With June being Alzheimer’s & Brain Awareness Month, it’s important to acknowledge the strength of those around you that are suffering from Alzheimer’s disease – those that actually have the disease, and their loved ones who have to endure watching them slowly lose themselves at the disease’s gruesome hands. Undoubtedly, from all angles, Alzheimer’s is a painful heart-wrenching experience.
Some people begin to show signs of the disease from as early as their 50s, and because behavioral changes are likely to be overlooked as ordinary signs of aging. Early symptoms of the disease include memory loss, poor judgement, loss of spontaneity, taking longer than normal to complete one’s usual day-to-day tasks, repeating questions, getting lost, and increased anxiety.
These symptoms then progress to confusion, disorientation, an inability to engage in conversation, erratic moods, unnecessary and extreme uncooperativeness, and the loss of bladder control.
By the time Alzheimer’s disease has run into its late stages, the person suffering is likely to be bedridden, incoherent and totally unable to take care of themselves. Caregivers often watch their loved ones become bedridden, extremely thin, unable to communicate at all, have difficulty swallowing, moan and groan often, and suffer from skin infections and seizures. At this point, someone suffering from the disease has to be taken care of full time. Their loved ones watch helplessly as they slowly become a shell of themselves.
According to Sunrise resident Emmanuel Mitchell, 49 years old, his father’s diagnosis and seeming rapid decline in health was devastating for him and his family, especially his mother. His father died last year from pneumonia, which he contracted while in the hospital being treated for other complications from Alzheimer’s disease. “Watching my Dad die before he actually died, was heartbreaking for all of us. First he started forgetting things, then he became aggressive and didn’t know us or himself much anymore, and finally it was if he was there breathing but not alive. I wouldn’t wish that on anyone,” he told CNW.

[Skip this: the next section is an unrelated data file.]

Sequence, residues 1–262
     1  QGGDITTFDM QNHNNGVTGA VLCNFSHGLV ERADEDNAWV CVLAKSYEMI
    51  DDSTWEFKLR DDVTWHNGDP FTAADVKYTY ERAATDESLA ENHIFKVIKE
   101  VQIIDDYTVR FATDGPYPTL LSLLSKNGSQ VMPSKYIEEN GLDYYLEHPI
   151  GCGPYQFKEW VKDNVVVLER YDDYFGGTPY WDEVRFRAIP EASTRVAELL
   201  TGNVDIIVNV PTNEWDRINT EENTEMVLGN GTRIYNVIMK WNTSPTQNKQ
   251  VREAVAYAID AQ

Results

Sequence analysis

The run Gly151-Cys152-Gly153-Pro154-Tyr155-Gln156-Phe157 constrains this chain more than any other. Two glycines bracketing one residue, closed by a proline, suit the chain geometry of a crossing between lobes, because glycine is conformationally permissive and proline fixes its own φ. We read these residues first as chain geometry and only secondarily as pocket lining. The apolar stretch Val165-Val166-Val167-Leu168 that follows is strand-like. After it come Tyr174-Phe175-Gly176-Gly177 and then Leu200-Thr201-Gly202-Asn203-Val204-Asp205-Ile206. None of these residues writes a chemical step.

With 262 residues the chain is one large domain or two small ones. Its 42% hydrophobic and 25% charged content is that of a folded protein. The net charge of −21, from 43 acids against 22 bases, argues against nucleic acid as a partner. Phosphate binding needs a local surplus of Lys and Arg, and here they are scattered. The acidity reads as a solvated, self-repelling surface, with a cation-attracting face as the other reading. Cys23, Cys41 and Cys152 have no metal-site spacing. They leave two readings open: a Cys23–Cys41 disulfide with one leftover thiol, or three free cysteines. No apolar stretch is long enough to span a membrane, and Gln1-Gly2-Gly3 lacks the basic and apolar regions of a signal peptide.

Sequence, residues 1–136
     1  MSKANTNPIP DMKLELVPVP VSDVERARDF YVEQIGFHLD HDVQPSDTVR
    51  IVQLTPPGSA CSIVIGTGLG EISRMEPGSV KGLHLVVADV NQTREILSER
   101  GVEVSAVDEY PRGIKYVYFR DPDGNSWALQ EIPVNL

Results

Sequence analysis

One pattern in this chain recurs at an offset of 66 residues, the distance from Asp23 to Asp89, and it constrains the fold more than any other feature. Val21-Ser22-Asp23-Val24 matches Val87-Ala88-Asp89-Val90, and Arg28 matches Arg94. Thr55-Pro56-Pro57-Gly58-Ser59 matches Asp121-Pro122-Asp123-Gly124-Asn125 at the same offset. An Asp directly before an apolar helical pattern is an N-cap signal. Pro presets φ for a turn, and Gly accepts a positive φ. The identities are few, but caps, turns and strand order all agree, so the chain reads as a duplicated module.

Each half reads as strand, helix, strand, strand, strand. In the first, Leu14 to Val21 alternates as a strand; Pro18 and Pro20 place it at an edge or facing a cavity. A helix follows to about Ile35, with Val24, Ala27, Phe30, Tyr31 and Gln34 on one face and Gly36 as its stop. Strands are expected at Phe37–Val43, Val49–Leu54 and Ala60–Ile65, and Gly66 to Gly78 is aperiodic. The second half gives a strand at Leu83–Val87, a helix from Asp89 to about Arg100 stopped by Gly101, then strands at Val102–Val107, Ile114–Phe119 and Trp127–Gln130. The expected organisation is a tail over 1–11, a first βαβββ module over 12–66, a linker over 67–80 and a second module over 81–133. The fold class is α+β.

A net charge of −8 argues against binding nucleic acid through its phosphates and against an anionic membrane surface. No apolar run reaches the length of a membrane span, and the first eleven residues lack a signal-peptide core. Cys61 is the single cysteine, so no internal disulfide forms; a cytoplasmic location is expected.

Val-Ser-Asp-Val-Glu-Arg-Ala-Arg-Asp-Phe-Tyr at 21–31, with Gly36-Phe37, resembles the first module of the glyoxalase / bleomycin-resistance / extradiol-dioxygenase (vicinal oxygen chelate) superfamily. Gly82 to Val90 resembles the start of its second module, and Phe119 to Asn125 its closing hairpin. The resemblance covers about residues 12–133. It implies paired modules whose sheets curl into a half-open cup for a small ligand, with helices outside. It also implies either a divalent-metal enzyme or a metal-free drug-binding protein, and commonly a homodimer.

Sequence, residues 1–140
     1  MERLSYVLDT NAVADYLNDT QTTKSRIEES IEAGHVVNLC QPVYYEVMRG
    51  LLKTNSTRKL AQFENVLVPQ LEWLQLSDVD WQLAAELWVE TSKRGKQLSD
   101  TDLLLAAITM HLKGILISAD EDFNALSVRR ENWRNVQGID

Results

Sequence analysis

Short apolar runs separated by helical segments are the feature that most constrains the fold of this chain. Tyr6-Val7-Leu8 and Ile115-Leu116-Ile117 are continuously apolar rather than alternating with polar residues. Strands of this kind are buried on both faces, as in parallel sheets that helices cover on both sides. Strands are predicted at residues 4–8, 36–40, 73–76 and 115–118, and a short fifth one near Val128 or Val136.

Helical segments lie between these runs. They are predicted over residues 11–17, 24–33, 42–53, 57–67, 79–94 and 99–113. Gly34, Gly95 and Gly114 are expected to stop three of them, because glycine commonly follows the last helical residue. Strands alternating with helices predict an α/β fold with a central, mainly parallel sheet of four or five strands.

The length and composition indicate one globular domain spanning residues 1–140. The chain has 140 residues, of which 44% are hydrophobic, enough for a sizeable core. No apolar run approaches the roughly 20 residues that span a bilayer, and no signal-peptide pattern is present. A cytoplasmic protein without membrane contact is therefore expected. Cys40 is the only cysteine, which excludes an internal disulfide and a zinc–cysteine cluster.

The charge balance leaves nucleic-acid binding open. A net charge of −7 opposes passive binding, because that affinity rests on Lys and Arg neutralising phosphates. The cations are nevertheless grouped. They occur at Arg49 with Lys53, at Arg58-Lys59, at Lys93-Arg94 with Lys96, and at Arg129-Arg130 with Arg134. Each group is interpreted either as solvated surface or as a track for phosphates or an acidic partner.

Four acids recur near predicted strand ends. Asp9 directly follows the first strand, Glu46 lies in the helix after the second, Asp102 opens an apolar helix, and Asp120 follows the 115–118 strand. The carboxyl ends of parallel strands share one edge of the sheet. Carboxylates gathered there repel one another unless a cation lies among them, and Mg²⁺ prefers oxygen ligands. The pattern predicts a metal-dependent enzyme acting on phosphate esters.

Aspiration pneumonia is a common cause of death for people with Alzheimer’s disease, and develops when a person cannot swallow properly and takes food or liquids into the lungs instead of air.
Although there is no cure for Alzheimer’s disease or slow its progression, there are drugs that help some people effectively manage their symptoms. There are medications that help improve memory, attention, reason, language and the ability to perform simple tasks. Also, to help regulate the mood of someone suffering with the disease, caregivers can create a peaceful, non-agitating environment for them, try to keep them comfortable at all times, and choose not to take any attack personally.
Also, a common symptom of Alzheimer’s is a change in sleeping habits – either difficulty falling asleep or staying asleep, or excessive napping during the day. While sleep medications are an option, some medical practitioners discourage elderly patients from using them, as they sometimes lead to other issues, such as an increase in falls. To address sleeping issues, non-medication approaches include creating a regular schedule, treating pain so that it doesn’t become a sleep disturbance, encouraging regular exercise, and avoiding watching the TV or doing other activities while in bed.
In order to mitigate the effects of this incurable disease for as long as possible, loved ones are required to give close, careful, compassionate care.
The Alzheimer’s Association was formed to unite caregivers and provided support to those facing Alzheimer’s and advance research into the disease. The association reaches millions of people impacted by the disease.